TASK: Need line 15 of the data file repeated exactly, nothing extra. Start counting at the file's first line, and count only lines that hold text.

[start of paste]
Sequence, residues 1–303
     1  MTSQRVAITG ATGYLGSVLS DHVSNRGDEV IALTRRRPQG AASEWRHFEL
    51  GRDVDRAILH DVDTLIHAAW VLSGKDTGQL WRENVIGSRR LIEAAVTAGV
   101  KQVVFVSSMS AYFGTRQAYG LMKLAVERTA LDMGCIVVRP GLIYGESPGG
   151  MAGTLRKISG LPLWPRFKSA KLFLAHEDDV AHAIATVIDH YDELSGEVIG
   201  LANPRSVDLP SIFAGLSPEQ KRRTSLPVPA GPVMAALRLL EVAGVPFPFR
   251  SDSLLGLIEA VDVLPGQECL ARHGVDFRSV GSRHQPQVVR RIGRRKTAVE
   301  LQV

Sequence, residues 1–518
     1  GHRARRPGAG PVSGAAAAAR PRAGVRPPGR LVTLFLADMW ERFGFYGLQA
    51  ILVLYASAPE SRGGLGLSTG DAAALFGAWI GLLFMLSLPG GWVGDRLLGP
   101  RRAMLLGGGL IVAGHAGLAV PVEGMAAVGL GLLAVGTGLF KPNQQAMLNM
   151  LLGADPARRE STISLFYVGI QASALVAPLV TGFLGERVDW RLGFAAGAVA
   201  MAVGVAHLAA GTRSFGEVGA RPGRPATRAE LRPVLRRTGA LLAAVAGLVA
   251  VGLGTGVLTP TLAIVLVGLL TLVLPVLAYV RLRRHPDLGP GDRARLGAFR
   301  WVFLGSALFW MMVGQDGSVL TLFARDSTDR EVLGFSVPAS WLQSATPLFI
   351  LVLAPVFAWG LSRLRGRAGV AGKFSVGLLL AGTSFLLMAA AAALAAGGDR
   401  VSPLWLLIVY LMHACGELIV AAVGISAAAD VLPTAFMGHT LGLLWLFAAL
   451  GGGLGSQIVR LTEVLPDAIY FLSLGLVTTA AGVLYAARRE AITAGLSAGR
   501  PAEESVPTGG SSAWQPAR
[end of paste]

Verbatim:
   251  VGLGTGVLTP TLAIVLVGLL TLVLPVLAYV RLRRHPDLGP GDRARLGAFR